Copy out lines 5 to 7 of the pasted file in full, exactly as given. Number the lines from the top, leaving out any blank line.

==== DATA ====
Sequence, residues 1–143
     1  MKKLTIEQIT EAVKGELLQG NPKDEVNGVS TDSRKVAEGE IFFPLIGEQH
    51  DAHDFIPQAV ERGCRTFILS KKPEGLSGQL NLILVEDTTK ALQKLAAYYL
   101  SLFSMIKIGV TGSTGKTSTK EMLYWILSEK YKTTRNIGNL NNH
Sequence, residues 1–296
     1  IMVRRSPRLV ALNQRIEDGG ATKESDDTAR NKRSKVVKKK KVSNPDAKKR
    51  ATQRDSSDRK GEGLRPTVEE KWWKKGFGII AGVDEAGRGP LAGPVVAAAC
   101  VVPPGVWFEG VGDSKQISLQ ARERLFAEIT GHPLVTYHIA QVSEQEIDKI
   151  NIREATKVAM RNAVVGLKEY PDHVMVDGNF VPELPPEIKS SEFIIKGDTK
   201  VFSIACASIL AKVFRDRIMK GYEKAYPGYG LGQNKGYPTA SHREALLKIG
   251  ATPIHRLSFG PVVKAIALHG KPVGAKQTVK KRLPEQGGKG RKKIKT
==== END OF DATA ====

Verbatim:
Sequence, residues 1–296
     1  IMVRRSPRLV ALNQRIEDGG ATKESDDTAR NKRSKVVKKK KVSNPDAKKR
    51  ATQRDSSDRK GEGLRPTVEE KWWKKGFGII AGVDEAGRGP LAGPVVAAAC